Julian Cope presents Head Heritage

Marcel King - Sad Sweet Dreamer (with Sweet Sensation) / Reach For Love

Marcel King
Sad Sweet Dreamer (with Sweet Sensation) / Reach For Love


Released 1974/ 1984 on Pye/ Factory respectively
Reviewed by dave clarkson, 15/01/2008ce


Not exactly cosmic or prog but most definitely unsung, Marcel Neville King (1957 – 1995) was the genius vocalist behind two great British soul records. He was 16 years old when the Manchester based octet, Sweet Sensation, topped the charts with the sensational ‘Sad Sweet Dreamer’ in 1974. After a few more minor hits and a period of silence, Marcel emerged in 1984 with the awesome ‘Reach for Love’.

Sweet Sensation formed in Manchester in 1973 and came to the attention of ITV’s New Faces talent show. After winning the contest, the band, under the guidance of Tony Hatch (the man who wrote the belter that was Petula Clark’s ‘Downtown’), signed to Pye Records. Their second single, ‘Sad Sweet Dreamer’ went onto being a UK number one record in September 1974. An easy listening piece of classic soul which sounded like it came straight out of Philadelphia with its swirling string and saxophone arrangement and marble arch studio sound. Follow-up singles all failed to have similar impact on the charts over the next couple of years. The band attempted to represent the UK in the Eurovision Song Contest but their fortunes were ended when the song ‘You're My Sweet Sensation’ ended in eighth place. Subsequently, Pye records dropped them and the group split up shortly afterwards.

Marcel re-emerged in 1984 on Factory Records with the one-off 12 inch single ‘Reach For Love’/ 'Keep On Dancin'. Rumour has it that New Order’s manager, Rob Gretton (a huge northern soul fan himself), found his hero Marcel sleeping homeless in the back of a car. Enthusiastically, Marcel was asked to make the record which was produced by the Bernard Sumner/ Donald Johnson, Be Music/ Dojo music axis, giving it an electronic based powerful rhythm and bass line riff possibly influenced by Giorgio Moroder with its repetitive and demanding sequencing. The song is certainly a precursor to the rock/dance crossover genre.

The vocal range and control on ‘Reach For Love’ was exceptionally high level, both from a technical and emotional stand. The record was perhaps too intense for daytime airplay but was certainly one of the great lost hits of the 1980s. It’s incredibly baffling how nobody has ever covered the song since.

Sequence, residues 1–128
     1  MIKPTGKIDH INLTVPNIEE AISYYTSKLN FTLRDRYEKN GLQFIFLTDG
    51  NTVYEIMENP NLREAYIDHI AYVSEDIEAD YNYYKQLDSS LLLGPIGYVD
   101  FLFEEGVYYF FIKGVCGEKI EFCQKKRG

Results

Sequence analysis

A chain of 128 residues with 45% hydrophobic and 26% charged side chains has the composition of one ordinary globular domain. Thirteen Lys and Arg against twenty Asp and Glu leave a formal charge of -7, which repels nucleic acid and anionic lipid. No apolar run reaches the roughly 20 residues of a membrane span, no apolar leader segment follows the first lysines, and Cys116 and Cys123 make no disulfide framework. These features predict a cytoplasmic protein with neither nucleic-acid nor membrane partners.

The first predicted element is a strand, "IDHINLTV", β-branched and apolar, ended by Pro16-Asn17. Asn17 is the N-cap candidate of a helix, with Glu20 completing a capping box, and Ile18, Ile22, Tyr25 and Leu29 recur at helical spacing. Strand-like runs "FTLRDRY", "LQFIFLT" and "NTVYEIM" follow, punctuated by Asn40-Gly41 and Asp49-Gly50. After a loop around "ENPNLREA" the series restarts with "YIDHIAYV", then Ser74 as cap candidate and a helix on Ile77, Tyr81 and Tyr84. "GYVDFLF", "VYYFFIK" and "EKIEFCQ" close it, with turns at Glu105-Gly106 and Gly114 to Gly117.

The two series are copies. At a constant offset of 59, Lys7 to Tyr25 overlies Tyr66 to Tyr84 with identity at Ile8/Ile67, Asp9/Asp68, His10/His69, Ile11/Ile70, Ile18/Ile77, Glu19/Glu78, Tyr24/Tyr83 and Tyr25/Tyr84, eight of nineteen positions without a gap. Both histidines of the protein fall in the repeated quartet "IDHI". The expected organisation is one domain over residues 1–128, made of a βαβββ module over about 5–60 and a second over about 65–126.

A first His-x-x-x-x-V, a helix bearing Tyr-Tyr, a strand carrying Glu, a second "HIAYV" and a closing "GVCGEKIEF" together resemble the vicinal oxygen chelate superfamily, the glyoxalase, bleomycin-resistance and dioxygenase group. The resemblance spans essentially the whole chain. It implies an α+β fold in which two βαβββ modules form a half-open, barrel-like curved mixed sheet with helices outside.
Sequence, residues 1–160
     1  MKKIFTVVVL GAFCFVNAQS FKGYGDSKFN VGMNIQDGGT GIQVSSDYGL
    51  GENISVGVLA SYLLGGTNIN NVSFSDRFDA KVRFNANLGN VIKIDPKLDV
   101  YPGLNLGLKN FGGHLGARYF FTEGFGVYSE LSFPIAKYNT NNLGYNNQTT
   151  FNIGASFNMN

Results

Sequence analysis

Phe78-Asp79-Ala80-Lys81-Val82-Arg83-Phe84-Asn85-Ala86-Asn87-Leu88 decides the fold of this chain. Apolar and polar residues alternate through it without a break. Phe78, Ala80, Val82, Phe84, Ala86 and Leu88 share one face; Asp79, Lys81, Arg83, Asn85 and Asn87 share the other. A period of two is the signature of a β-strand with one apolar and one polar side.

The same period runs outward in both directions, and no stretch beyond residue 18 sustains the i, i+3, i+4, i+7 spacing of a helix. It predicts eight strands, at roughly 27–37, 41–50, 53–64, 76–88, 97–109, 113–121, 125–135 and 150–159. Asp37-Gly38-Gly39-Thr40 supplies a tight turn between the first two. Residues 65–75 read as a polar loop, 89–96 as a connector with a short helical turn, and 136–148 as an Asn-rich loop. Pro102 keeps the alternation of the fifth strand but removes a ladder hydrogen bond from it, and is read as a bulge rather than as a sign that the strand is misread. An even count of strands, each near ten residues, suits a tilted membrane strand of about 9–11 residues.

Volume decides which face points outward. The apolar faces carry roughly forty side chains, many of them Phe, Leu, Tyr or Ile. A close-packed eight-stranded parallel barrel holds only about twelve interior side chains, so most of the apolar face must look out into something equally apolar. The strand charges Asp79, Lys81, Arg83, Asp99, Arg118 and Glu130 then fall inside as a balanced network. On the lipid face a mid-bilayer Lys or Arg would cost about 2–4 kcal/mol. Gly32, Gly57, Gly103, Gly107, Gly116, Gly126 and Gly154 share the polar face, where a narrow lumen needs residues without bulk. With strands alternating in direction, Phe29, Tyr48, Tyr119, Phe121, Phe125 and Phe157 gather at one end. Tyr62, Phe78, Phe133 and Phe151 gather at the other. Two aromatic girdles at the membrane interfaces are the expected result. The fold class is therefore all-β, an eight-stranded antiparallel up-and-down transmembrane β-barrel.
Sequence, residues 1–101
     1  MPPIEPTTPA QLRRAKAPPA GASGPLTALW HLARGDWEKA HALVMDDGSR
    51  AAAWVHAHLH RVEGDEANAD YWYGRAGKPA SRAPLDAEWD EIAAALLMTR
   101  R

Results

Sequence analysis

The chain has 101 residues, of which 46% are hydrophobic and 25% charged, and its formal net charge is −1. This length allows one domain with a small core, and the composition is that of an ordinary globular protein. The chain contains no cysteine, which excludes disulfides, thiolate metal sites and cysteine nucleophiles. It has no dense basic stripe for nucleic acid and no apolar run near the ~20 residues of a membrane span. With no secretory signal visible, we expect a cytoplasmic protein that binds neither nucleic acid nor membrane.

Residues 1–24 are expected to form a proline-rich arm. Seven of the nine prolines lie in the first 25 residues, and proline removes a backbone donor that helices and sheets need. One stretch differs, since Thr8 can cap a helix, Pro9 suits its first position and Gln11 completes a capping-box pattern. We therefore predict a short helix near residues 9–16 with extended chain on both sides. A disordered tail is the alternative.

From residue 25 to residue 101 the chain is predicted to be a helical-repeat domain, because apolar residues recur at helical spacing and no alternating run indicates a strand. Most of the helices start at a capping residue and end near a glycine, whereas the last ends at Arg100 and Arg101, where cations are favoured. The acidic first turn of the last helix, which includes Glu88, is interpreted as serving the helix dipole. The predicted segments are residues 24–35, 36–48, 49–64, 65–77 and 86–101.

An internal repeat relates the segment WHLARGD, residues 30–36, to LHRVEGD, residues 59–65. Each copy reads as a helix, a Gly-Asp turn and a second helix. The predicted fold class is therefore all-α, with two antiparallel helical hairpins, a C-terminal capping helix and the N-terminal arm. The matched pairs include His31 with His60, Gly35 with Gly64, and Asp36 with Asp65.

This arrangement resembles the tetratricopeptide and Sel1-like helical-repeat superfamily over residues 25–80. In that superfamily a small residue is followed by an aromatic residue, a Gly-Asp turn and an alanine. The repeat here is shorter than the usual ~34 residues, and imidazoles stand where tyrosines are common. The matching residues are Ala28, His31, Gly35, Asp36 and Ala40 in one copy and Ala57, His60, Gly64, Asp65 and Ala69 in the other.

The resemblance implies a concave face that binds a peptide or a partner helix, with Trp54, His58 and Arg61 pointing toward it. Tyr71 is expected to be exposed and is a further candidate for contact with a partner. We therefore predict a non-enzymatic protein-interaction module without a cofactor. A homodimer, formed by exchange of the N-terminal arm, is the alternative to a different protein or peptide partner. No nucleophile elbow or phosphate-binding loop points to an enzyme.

On release, the record did not sell well despite filling club dancefloors. It’s influence on British dance music was understated and other bands who were later signed to the label (Happy Mondays especially) certainly took some of the rhythmic influence from the record. Shaun Ryder still regards it as the best record Factory ever released. ‘Reach For Love’ should have been a huge hit but its lack of success was due to Factory’s legendarily crap distribution and marketing facilities and lack of radio play.

King more or less vanished again during the late 1980s/early 1990s but did turn up sporadically at music nights. I was fortunate enough to back him on drums one evening on a version of ‘I Heard It Through The Grapevine’ when he showed up at the local pub unannounced and sang with the resident band – his vocals were a sweet mix of Marvin Gaye and Curtis Mayfield. He spoke that night of going back into the studio and recording more songs.

Sadly, the incredible talent that was Marcel King never produced any more records. He died in 1995 from a brain haemorrhage, aged just 38. Tragically, two years later his son Zeus was shot dead in a drug feud aged just 19. Marcel is buried in Southern Cemetery, Manchester - also the resting place of Rob Gretton, Martin Hannett and Tony Wilson.

Marcel King lives on in these wonderful records.

'Sad Sweet Dreamer' - http://www.youtube.com/watch?v=z9Rrrz0ZfRc

'Reach For Love' available on the ‘Cool As Ice: Be Music Productions’ compilation (LTM)

http://www.mdmarchive.co.uk/archive/showartefact.php?aid=3166


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